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Damian Lillard, 6-2, Point Guard, Junior, Weber State
After playing only nine games in 2010-2011 and being granted a medical redshirt, Weber State's Damian Lillard is off to a tremendous start through thirteen games as a junior, leading the nation in per-game scoring and doing so with remarkable efficiency. His hot early season play has caught the attention of scouts, who will likely be watching him closely throughout the remainder of the season to get a better feel for how his game might translate to the NBA level.
As we've mentioned before, Lillard possesses very appealing physical tools for an NBA point guard prospect, standing at 6'2 with an excellent frame and wingspan, to go along with very good athleticism.
He combines those physical gifts with a confident, attacking mentality and a well-rounded skill set, playing as a scoring point guard, capable of carrying a large load offensively at the college level. While he was already an intriguing prospect going into this season, he's made some clear improvements in his game that he's been able to display thus far as a junior.
Much of Lillard's improved efficiency can be traced to his hot shooting, connecting on an outstanding 45% from 3-point range despite increasing his attempts (he shot under 40% in previous seasons).
As we noted before, he does have a bit of a low release point, but he has no trouble getting his shot off, whether it's off the catch or off the dribble, where he's able to fluidly pull-up from well behind the 3-point line, or utilize a very effective step-back dribble to create space to get his shot off. About two thirds of his shot attempts this season have been jumpers, and his percentages off the catch and off the dribble are almost the same, illustrating his versatility as a shooter.
Lillard has also done a better job of taking care of the basketball thus far, cutting his turnover rate almost in half from previous seasons. This is quite an impressive feat, considering his heavy usage and how much his team depends on him to create offensively. To illustrate that, he actually ranks #1 amongst all NCAA point guard prospects in terms of turnovers per possession, coughing the ball up on just 10% of his possessions.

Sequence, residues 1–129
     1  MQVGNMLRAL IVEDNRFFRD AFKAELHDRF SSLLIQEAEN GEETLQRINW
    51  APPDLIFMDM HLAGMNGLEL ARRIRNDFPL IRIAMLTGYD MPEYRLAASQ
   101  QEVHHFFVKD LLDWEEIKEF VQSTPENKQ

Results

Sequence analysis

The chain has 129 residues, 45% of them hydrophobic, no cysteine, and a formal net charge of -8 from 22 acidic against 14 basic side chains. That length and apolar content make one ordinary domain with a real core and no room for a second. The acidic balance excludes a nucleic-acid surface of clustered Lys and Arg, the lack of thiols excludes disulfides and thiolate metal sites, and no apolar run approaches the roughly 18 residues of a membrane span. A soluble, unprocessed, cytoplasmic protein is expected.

The large emphasis of the pick-and-roll game in today's NBA bodes well for Lillard, as he's shown to be very effective as the ball-handler in pick-and-roll situations. His ability to smoothly pull up off the dribble from deep range makes it difficult for his defenders to go underneath the screen, while his burst off the dribble allows him to turn the corner quickly and get into the paint.
Lillard does a good job of playing at different speeds and is capable of driving in either direction, which keeps defenders on their heels and helps him get to the free throw line at a very strong rate. Once there, he knocks down an excellent 90% of his attempts.
As a finisher in the lane and in transition, Lillard has very good body control, strength, and vertical explosiveness, which all help him to finish at the rim in traffic, even occasionally with a high-flying dunk if he's able to build up a head of steam. He looks comfortable using either hand to finish and shows flashes of an effective floater, which he'll need to continue to work on, as it's a valuable tool for NBA guards to utilize in the paint. Nevertheless, Lillard shows a very complete scoring arsenal for a player his age, which certainly bodes well for his transition to the NBA level.
Lillard still hasn't shown a great deal in terms of pure playmaking ability, but he looks to have nice passing instincts on dribble penetration, and his role at Weber State calls for him to be their primary scorer, so it's tough to get a gauge of just how much of a distributor he might be in a different situation. This might be the biggest question he faces as enters the draft process, as he's clearly not big enough to play any other position besides point guard.
As a defender, Lillard is showing much of what we've already seen from him in the past, moving well laterally and utilizing his length to play intense on-the-ball defense. He'd have a huge adjustment to make to defending NBA point guards full-time, though, as it's apparent he can lose his focus from time to time, after expending so much energy on the offensive end.
He has the physical tools to make the transition, but it will be a drastic change in the level of talent he's facing on a regular basis, after playing at a lower level of competition at Weber State.
Overall, Lillard's outstanding start to the season has generated quite a bit of buzz regarding his NBA potential, but scouts may have some challenges projecting just how much of a difference maker he could be due to the competition level he faces, and the role he plays.
He struggled in a couple of his higher profile games in losses to Cal and BYU--which may have hurt him somewhat--but did score 36 points in a losing effort against Saint Mary's.
Unless he's able to lead his team to the NCAA tournament, he may not have many more big games to prove himself, which could make him slightly more difficult to project when he enters the draft, whether it's this year or after his senior season.
Regardless, Lillard has certainly established himself as a hot name in NBA draft circles, and he'll have plenty of teams lined up to get a closer look at what he brings to the table. Right now we have him projected as a first round pick.